Walking the Artist's Way: Week Two
Week Two: Recovering a Sense of Identity
As I traverse through this twelve-week program to creative recovery, I feel compelled to share some of my thoughts with you. Though I don’t necessarily connect with all the tropes of a “blocked artist,” I have lived life for nearly a decade denying my creative desires, covering up my true purpose because I thought it was “impractical,” and inhabiting the land of What-If and If-Only. Want to journey along with me? Pick up a copy of Julia Cameron’s The Artist’s Way here, and jump on in.
General Thoughts: This week, I was called to dig deeper. I was more in touch with my emotions, and I found ways to leverage them (ahem….poetry—more on that later). Julia wanted us to end this week more in tune with a self-defined sense of identity, and I think the exercises were spot-on in helping me accomplish that feat. It is worth noting that I have adopted my own timeline for my practice…it’s more like 1.5 weeks per chapter, but I hope to pick back up on Julia’s intended pace soon. Julia addressed some of the difficulties we have staying true to our creative path, both in the form of outer critics and inner skeptics.
I found some parts of this week’s reading to be particularly difficult. Julia mentioned the importance of fostering our inner artist, and protecting her from “poisonous playmates,” or people who may be inclined to naysay your creative ways. “ [Creatively] Blocked friends may find your recovery disturbing. Your getting unblocked raises the unsettling possibility that they, too, could become unblocked and move into greater creative risks rather than bench-sitting cynicism” (Cameron 43). How many of these people I have met in my life! It is upsetting to me when people are needlessly critical of books, movies, music, art, etc. I’ve heard countless “I could do that better’s” from so many individuals who, quite simply, aren’t even attempting to do “it.” I think it is okay to not find meaning or resonance in every piece of art (different strokes), but it is not okay to dispense endless negative critique. If you don’t like it, don’t read it/look at it/watch it, and move on.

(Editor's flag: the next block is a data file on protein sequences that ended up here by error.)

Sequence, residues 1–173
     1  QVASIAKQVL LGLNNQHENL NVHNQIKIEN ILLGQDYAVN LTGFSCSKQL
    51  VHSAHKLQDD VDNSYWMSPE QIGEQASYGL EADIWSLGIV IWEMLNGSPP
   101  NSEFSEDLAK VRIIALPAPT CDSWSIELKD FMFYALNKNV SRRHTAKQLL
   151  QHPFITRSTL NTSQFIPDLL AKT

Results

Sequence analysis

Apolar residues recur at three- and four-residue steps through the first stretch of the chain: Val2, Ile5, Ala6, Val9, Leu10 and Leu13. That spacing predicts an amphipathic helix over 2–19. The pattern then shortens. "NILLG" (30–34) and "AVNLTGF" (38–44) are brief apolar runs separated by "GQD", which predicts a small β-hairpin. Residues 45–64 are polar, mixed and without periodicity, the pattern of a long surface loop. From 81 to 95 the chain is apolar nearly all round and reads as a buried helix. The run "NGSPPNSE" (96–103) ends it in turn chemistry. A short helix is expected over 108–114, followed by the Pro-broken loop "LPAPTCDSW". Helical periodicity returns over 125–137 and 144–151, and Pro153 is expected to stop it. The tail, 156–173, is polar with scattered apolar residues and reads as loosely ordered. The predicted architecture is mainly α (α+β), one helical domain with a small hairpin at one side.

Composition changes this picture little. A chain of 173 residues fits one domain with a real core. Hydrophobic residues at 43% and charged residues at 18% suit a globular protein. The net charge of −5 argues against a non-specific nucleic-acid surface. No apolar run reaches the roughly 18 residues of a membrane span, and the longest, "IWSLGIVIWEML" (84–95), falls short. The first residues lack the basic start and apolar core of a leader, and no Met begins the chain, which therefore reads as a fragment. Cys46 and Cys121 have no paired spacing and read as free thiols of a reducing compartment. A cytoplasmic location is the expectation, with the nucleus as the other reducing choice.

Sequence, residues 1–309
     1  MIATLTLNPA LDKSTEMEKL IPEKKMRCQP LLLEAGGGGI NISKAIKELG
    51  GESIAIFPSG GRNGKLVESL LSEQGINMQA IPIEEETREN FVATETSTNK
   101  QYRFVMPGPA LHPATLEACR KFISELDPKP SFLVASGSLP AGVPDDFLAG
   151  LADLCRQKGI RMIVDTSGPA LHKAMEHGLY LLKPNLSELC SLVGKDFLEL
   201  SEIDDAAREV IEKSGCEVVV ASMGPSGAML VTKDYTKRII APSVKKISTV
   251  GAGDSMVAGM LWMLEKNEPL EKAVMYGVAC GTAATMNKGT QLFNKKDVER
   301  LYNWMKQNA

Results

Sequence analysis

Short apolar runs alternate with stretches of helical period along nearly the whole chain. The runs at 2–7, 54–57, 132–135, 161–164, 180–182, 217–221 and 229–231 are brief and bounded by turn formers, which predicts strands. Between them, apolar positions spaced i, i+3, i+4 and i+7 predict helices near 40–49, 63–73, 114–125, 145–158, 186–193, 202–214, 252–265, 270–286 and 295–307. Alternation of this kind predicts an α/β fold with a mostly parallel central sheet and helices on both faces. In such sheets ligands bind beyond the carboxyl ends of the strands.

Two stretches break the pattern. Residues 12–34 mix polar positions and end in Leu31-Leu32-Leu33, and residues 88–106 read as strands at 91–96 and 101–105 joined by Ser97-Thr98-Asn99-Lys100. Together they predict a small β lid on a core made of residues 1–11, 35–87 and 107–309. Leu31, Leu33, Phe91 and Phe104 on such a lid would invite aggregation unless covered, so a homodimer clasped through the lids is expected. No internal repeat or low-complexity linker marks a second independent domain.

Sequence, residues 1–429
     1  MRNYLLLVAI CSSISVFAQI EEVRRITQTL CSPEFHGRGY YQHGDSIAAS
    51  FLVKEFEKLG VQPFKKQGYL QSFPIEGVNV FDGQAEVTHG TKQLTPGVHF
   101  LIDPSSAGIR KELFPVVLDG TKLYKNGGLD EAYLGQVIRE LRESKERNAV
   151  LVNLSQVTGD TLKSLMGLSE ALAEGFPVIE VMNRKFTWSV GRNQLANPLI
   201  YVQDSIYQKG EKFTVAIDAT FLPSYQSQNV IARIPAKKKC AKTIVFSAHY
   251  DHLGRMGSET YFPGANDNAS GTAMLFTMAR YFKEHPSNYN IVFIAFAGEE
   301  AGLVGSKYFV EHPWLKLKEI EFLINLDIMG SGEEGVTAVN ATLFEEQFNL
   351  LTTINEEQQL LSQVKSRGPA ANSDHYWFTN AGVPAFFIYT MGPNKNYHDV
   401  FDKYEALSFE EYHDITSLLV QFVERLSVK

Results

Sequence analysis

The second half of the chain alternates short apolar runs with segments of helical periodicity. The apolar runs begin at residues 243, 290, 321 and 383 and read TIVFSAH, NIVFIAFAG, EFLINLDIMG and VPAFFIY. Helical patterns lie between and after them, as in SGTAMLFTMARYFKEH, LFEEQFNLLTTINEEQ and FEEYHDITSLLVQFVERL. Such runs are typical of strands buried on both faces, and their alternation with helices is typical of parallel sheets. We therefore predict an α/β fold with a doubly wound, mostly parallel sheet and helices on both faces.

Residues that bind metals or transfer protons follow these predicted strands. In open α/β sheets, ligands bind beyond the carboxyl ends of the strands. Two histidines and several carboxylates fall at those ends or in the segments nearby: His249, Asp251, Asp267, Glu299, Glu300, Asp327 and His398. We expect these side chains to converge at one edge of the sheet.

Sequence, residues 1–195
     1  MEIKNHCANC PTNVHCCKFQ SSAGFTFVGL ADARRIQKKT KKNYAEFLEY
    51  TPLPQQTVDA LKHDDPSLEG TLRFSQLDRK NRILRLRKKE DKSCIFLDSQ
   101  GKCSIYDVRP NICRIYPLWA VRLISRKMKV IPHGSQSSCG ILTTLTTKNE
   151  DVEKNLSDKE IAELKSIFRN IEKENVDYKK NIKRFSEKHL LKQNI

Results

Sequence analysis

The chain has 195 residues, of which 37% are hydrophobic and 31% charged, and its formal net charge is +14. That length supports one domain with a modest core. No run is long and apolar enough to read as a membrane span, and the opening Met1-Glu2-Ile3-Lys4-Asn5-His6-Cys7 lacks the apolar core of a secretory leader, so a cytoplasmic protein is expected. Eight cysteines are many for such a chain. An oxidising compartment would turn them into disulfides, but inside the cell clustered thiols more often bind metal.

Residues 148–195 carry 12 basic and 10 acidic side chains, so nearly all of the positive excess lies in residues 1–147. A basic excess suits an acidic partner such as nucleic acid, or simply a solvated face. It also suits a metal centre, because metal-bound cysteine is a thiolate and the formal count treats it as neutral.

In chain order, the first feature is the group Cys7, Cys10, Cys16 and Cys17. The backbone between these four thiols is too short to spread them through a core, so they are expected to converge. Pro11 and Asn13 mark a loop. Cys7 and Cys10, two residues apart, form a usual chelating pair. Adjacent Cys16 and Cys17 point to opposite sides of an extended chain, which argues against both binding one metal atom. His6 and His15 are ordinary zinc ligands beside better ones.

Julie also reminds us that our inner skeptic will be looking for reasons to contribute our wins in these weeks as flukes or coincidence or the placebo effect. Keeping that inner skeptic at bay hasn’t been too hard, as I hushed that whiny bitch three months or so in my soul’s journey. I could see it being more difficult if this is your first foray back into God and universal power, though. Since I am now God’s #1 cheerleader and addicted to playing in universal consciousness, I’ve been pretty chill and unskeptical.
I do like Julia’s acronym for God: Good Orderly Direction. #preachjulia
Artist’s Date: I finally settled on going to City Lights Booksellers after waffling around like a maniac for the better half of the morning. I had the idea that I would spend the whole day at a museum, soaking in the information other people had created to tell their stories. Looking back on my morning pages, I found that I was ridiculously tired that day (as I have been most days, which apparently troubles me, also according to my morning pages), so I opted to take a ninety minute nap instead of heading to MOMA. I had a bit of reserve time between clients, though, so that little blip allowed me enough time to head over to City Lights Booksellers and see what there was to see. This was another one of those places that just sort of appeared to me, not in meditation like the SF Botanical Garden, but it beckoned me as I drove by each week.